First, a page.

24 hours ago Mr Johnson told MPs that imposing the immigration health surcharge on foreign-born NHS workers was “the right way forward”.
The Royal College of Nursing demanded its removal after revealing that UK nursing staff born overseas would have to work for a whole month to pay off the fee when it rises from the current £400 to £624 for adults and £470 for children in October.
The Prime Minister said yesterday at Prime Minister’s Questions (PMQs) that the surcharge would not be dropped as it would leave a £900m hole in the NHS budget.
However, a Number 10 spokesman has said today that work is now underway to scrap the yearly fee for migrant NHS and care workers.
“As the Prime Minister said in the House of Commons, he has been thinking about this a great deal,” the spokesman said.
“He has been a personal beneficiary of carers from abroad and understands the difficulties faced by our amazing NHS staff.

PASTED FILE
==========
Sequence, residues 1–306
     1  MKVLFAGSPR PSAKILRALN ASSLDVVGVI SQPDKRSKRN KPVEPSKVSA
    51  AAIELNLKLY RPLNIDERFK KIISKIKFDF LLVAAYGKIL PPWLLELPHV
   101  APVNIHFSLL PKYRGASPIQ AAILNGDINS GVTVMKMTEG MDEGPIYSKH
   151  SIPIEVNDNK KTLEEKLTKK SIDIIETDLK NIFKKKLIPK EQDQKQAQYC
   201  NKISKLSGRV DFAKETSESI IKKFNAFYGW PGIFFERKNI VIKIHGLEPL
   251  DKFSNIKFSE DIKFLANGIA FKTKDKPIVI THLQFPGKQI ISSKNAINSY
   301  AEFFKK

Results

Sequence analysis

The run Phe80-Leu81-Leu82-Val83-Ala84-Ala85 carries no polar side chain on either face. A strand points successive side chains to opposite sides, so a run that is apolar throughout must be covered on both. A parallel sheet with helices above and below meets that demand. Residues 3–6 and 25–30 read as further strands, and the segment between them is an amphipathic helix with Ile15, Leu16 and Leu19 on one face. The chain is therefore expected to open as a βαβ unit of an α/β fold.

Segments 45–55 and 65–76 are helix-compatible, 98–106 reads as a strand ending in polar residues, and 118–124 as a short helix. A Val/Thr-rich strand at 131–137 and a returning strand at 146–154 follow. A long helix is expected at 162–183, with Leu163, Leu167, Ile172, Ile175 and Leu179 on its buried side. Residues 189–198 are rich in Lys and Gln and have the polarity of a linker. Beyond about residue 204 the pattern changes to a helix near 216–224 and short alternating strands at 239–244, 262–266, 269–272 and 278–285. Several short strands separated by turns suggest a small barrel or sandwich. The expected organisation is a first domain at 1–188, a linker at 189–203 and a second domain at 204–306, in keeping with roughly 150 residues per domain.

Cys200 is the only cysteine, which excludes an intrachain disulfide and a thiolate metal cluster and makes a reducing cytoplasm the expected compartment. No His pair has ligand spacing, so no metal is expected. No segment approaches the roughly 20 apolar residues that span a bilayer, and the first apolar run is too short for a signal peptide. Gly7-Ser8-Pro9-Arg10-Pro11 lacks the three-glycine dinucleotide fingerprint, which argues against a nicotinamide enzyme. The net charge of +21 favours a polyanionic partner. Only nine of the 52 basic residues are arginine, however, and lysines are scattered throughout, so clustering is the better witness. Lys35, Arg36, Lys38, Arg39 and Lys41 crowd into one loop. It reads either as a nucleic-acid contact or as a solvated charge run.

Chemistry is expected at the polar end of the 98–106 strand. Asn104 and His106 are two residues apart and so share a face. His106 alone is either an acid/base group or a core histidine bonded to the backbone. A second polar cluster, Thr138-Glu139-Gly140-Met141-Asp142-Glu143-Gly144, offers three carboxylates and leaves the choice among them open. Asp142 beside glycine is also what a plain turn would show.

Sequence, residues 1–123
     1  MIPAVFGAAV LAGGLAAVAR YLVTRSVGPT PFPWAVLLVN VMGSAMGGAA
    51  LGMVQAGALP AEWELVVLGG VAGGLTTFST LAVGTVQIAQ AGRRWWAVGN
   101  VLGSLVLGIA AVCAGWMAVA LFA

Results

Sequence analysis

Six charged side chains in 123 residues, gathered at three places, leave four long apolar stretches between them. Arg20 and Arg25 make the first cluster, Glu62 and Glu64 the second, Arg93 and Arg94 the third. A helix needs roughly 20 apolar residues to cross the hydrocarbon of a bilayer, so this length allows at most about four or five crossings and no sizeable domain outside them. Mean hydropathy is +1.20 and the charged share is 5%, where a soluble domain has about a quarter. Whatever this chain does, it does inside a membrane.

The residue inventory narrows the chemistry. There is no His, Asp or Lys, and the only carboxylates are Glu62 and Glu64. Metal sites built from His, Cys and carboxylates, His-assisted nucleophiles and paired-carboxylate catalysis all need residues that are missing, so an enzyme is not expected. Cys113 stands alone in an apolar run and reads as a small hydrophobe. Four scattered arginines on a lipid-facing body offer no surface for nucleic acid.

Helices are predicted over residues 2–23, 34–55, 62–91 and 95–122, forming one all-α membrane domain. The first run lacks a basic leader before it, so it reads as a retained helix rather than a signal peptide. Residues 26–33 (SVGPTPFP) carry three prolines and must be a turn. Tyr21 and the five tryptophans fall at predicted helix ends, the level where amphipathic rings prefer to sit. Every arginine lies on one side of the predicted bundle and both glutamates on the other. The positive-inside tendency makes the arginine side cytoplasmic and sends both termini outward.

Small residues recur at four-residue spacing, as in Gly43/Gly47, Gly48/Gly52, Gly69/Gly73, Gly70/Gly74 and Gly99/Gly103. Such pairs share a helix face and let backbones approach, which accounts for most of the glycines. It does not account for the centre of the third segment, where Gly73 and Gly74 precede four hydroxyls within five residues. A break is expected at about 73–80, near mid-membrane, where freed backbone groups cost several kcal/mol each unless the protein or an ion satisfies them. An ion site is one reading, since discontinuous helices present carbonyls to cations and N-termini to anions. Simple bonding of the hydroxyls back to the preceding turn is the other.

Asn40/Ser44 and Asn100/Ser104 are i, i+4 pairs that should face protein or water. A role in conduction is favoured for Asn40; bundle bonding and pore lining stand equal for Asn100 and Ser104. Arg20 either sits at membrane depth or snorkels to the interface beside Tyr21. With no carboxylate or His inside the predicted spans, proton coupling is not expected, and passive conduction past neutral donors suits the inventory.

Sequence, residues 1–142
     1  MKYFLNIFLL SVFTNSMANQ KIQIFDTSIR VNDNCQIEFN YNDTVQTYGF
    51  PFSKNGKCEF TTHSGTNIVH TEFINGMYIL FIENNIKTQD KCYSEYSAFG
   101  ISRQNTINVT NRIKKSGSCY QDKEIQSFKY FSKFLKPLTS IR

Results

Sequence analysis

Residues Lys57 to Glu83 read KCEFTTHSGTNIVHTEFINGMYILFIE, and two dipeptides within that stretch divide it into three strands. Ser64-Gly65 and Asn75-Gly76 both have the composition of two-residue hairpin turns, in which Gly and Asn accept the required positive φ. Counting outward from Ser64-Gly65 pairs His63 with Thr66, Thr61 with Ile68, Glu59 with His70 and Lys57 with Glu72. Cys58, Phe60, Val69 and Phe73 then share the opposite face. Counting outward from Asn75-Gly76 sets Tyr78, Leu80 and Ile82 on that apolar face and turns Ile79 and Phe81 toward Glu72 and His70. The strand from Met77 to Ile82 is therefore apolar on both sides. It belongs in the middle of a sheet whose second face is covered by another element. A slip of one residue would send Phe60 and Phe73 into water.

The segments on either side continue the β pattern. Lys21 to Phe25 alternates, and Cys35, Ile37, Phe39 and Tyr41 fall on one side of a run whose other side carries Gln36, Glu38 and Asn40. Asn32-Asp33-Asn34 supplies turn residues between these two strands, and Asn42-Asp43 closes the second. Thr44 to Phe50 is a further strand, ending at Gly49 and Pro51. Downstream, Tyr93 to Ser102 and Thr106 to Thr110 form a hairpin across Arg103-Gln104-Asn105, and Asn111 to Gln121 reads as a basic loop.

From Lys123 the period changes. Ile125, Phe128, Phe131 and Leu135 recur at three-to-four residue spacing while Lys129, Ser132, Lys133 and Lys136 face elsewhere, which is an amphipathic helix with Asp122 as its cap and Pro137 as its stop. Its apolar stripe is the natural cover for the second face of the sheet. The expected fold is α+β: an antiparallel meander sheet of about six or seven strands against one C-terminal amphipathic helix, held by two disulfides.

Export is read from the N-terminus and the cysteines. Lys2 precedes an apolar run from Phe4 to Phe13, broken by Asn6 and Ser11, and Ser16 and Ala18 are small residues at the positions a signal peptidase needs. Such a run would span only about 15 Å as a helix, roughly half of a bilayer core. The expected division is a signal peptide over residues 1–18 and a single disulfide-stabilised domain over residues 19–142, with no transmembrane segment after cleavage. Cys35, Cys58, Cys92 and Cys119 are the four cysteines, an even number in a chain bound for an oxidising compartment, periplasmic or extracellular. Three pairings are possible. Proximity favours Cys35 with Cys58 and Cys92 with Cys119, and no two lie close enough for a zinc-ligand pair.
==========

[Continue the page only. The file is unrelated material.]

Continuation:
“The purpose of the NHS surcharge is to benefit the NHS, help to care for the sick and save lives. NHS and care workers from abroad who are granted visas are doing this already by the fantastic contribution which they make.”
There was a growing rebellion today from Tory backbenchers about the surcharge remaining for frontline workers, with a number speaking out on social media.
Two senior Tory backbenchers spoke out against his refusal to drop the fee, with veteran MP Sir Roger Gale warning that failure to do so would be “mean-spirited, doctrinaire and petty” and select committee chair William Wragg calling for “generosity of spirit” on the issue.
And on Thursday, a 10 Downing Street spokesman announced the surprise U-turn, saying: “The PM has asked the Home Office and the Department for Health and Social Care to remove NHS and care workers from the NHS surcharge as soon as possible.
“Work by officials is now underway on how to implement the change and full details will be announced in the coming days.